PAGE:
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A little perspective, please

Since the release of the Texas Observer poll of new and crossover voters in this year’s Democratic primary, a somewhat strange narrative has taken hold. Here’s Burka:

The voting pattern-a huge spike in turnout combined with little interest in downballot races-indicates that the presidential race was the main motivating factor for 2 out of 3 Democratic voters. No surprise there. The question is, Can the D’s reap the benefit of this huge turnout in the U.S. Senate race and in local races for courthouse positions and for legislative and congressional races? Two-thirds of the primary voters showed little interest in these races. The problem for Democrats is twofold: First, can they raise the money to educate these voters about the downballot races? and, second, can the enthusiasm that new voters exhibited on March 4 be sustained over the eight months between the primary and the general election?

And here’s Wayne Slater:

Beatty notes that 25 percent of the primary voters quit after voting for president. One third stopped at the first statewide race, Texas Railroad Commission. And 40 percent of the voters stopped before getting to their local legislative candidate. In March, we reported about this falloff – and its implications. Obama supporters were more likely to vote in the presidential race and then skip the other contests than Clinton supporters, who tended to continue voting down the ballot. More than 80 percent of Democratic voters in the Texas counties where Clinton had her largest victory margins went on to vote in the U.S. Senate race, the leading statewide contest on the ballot after the presidential race. By contrast, only 71 percent of voters in Obama’s strongest counties did.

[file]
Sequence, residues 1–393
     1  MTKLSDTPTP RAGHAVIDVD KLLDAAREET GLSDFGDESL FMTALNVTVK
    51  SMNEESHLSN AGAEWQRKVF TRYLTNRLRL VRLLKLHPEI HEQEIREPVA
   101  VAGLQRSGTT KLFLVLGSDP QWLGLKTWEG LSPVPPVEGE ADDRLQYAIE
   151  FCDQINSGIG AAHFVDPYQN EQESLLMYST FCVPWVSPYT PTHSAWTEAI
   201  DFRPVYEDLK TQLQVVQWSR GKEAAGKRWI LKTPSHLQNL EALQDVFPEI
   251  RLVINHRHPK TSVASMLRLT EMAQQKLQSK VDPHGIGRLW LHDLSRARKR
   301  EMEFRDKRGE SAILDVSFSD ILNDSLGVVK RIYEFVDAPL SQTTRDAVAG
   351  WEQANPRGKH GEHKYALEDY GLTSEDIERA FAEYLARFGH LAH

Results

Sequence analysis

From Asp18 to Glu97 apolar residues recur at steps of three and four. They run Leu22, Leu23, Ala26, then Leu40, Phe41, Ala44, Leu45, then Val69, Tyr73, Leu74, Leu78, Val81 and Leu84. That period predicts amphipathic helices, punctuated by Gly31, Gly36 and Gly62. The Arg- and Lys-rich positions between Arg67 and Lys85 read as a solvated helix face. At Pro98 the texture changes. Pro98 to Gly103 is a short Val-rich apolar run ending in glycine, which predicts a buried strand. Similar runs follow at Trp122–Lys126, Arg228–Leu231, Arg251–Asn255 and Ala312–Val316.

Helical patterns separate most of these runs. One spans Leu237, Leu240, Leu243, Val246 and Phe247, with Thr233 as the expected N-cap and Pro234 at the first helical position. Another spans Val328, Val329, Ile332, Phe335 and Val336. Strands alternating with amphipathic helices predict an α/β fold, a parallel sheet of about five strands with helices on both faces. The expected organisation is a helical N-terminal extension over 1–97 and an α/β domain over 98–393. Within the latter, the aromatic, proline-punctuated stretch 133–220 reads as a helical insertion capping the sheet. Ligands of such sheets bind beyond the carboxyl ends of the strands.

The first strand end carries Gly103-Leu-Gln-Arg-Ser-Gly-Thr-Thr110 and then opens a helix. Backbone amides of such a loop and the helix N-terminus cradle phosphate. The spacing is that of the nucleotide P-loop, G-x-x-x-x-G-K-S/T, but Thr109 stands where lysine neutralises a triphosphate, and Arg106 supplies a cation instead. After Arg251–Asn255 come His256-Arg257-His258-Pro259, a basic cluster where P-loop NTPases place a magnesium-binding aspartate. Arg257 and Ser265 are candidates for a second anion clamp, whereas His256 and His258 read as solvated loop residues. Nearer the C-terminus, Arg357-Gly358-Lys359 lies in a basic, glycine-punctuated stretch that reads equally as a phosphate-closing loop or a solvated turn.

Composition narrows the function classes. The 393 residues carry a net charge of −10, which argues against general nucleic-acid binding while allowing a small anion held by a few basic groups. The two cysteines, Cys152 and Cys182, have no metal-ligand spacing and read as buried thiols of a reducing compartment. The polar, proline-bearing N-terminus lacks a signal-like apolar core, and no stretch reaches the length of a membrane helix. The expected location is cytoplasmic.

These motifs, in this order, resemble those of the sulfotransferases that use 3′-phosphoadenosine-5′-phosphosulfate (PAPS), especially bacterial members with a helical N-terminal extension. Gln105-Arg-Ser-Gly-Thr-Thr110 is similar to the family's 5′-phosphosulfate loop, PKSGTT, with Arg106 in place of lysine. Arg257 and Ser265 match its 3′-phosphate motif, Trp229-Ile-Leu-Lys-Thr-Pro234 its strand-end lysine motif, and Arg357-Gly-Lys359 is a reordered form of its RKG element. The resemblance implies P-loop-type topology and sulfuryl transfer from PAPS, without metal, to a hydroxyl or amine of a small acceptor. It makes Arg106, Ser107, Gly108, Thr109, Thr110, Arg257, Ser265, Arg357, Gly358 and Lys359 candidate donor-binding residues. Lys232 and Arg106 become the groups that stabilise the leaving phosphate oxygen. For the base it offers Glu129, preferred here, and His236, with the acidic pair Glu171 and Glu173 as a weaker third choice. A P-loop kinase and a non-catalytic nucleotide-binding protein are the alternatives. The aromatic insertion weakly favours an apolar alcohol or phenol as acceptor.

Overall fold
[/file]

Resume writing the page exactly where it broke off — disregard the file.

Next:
That means if Obama’s at the top of the ticket, as it appears will be the case, the Democratic Party will have to convince the Obamamaniacs in November to keep voting down ballot, not just stop with their star.

Okay, so the dropoff in voting from the Presidential primary to the other primaries – which, you may recall, was once cited by Royal Masset as evidence of massive Republican mischief voting – is a problem for the Democrats in November. Seems logical enough. Only one problem: The dropoff rate for 2008 looks remarkably like the dropoff rate for 2004. Observe:

Office Total votes Pct of Pres ======================================== 2004 President 839,211 100.00 2008 President 2,874,986 100.00 2004 RR Commish 605,675 72.17 2008 RR Commish 1,951,295 67.87 2004 Sup Court 585,927 69.82 2008 Sup Court 1,736,732 60.41 2008 Sup Court 2,025,442 70.45 2008 Sup Court 2,008,917 69.88 2004 CCA 605,789 72.19 2008 CCA 1,719,103 59.80 2008 CCA 1,747,217 60.78

The difference between the first 2008 Supreme Court primary and the other two is that one primary, for Chief Justice, was uncontested; the other two were not. Note that in those two races, the dropoff rate was slightly less than it was in 2004.

Now, none of the 2004 primaries were contested, whereas the 2008 RR Commish race was along with those two Supreme Court races, so perhaps this is a bit unfair. But come on. In 2004, when John Kerry had wrapped up the nomination, only the hardiest of the hardcore came out for the primary, and they quit after the Presidential race at a rate very similar to this year’s crowd of mostly newbies. Given that, would someone please tell me what exactly it is that I’m supposed to be worried about this year? Because I’m just not seeing it.

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One Comment

  1. PDiddie says:

    Thanks Charles, for the historical perspective.

    It remains amazing to me how you so consistently manage to journalize circles around the paid professionals.